Non-Inseminated Queens Have Worker-Like Behaviors in Colonies of Fungus-Growing Ants, Mycetomoellerius turrifex Wheeler (Attini, Hymenoptera)
Keywords:worker-like queens, mating, monogyny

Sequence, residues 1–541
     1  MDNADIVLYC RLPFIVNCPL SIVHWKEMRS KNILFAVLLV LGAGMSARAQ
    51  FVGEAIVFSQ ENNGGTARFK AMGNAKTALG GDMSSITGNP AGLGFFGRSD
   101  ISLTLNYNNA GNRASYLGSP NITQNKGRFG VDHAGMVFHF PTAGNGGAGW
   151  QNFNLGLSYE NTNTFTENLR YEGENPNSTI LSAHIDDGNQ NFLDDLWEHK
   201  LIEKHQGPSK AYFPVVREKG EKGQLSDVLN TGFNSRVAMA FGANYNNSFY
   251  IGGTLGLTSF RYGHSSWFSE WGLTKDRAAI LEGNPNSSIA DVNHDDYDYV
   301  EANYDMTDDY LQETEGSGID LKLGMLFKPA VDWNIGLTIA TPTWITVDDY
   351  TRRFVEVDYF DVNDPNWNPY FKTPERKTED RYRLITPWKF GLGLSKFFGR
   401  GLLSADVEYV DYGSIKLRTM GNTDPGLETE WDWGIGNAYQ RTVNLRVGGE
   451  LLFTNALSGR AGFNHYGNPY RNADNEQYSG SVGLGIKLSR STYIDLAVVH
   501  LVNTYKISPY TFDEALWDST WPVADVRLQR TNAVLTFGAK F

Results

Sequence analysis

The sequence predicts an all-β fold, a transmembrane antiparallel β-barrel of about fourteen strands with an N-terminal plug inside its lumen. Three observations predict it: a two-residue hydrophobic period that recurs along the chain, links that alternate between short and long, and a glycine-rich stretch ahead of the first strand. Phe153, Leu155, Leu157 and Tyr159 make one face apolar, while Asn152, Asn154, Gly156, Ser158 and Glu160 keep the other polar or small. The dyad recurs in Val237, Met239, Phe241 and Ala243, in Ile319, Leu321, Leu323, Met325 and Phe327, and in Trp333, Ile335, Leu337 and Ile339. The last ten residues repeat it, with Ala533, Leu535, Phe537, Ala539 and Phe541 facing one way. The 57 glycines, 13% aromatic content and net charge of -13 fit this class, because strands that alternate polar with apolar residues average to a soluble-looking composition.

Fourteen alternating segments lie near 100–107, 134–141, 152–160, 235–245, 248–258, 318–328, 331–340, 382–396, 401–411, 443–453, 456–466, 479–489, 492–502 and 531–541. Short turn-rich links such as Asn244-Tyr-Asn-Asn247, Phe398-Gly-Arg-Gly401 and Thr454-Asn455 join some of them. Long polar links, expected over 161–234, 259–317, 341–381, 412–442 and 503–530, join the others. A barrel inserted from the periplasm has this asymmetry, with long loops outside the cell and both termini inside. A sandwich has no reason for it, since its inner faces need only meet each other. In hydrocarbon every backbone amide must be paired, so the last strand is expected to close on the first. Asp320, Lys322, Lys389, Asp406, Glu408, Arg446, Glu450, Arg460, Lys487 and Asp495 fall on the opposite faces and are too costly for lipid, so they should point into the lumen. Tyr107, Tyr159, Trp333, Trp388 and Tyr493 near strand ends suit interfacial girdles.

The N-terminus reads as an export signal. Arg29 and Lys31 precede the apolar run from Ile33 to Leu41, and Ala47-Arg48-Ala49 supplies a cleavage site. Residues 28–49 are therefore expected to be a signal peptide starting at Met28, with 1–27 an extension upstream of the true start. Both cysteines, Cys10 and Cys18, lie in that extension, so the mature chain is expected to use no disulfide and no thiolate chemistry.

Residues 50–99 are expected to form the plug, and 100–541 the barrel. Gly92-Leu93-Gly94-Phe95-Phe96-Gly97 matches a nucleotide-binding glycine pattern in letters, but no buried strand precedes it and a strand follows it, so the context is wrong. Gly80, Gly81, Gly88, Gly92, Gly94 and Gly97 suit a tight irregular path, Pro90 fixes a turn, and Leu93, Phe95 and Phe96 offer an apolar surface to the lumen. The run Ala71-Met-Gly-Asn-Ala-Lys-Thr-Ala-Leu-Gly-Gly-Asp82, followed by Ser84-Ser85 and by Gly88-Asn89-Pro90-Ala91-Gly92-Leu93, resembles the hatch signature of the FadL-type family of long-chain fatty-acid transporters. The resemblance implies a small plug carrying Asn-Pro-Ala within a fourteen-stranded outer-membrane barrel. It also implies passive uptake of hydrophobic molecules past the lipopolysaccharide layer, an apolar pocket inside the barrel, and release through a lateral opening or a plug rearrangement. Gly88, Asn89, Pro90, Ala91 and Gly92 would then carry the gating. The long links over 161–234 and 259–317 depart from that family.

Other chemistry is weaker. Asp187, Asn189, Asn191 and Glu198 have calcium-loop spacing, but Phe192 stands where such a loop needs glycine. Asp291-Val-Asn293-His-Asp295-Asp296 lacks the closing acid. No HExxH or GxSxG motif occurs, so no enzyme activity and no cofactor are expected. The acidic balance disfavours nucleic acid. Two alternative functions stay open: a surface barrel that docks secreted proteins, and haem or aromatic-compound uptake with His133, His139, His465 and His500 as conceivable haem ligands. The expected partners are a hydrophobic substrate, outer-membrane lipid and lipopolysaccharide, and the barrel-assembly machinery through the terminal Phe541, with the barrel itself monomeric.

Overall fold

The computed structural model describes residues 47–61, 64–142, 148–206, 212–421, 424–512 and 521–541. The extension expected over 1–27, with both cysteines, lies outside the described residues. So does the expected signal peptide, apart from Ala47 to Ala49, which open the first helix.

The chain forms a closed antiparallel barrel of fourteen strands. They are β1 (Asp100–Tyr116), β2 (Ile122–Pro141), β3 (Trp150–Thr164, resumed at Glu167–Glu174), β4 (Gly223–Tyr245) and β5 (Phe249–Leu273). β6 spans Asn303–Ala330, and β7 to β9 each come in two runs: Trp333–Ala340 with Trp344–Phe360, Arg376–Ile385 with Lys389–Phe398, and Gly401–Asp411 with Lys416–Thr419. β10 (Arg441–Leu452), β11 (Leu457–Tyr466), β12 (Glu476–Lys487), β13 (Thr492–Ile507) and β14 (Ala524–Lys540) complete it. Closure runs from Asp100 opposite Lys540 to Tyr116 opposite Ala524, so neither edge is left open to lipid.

AbstractIn eusocial Hymenoptera such as ants, bees, and wasps, the queen numbers are fundamentally important to maintain the social systems. In Texas, USA, a fungus growing ant, Mycetomoellerius turrifex Wheeler (1903) (the genus name was changed from Trachymyrmex to Mycetomoellerius in 2019 (Solomon et al., 2019)) was observed to have several non-inseminated queens that wandered outside the nest long after the mating season. However, the evolutionary and ecological factors causing the occurrence of such non-inseminated queens are still unclear. Thus, I examined the worker-like behaviors of non-inseminated queens of M. turrifex in Texas. Fifteen ant colonies were collected over three years, between 1999 and 2001. The frequencies of non-inseminated queens, workers, and broods, as well as the depths of nest chambers, were observed in each collecting year. In Nov. 1999 and May 2000, multiple nests contained queens that did not mate with males within their nests. These nests had a relatively larger colony size than those collected in Oct. 2001. Conversely, the colonies collected in Oct. 2001 were completely monogynous, i.e., there were no non-inseminated queens in the nests. Behavioral observations of each female revealed that the non-inseminated queensbehaved significantly differently from the workers and the inseminated queens. The behaviors that distinguished different female castes were mutualistic fungus garden care, digging of nest floors, guarding, and resting in the nest. These data suggest that queens failed to mate due to severe environmental fluctuations in southern Texas, but were accepted by the colony as a temporary labor force.
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